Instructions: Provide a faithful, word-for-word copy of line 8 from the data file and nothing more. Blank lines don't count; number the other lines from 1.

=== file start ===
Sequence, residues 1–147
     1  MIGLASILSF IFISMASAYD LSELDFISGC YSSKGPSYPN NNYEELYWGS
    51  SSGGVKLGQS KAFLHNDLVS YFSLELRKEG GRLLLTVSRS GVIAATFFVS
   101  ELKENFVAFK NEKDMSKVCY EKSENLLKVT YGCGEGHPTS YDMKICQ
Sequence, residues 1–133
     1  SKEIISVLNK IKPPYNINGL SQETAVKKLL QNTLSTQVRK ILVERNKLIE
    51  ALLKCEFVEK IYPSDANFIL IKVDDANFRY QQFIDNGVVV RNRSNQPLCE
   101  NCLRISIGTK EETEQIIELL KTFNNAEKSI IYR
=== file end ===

   101  NCLRISIGTK EETEQIIELL KTFNNAEKSI IYR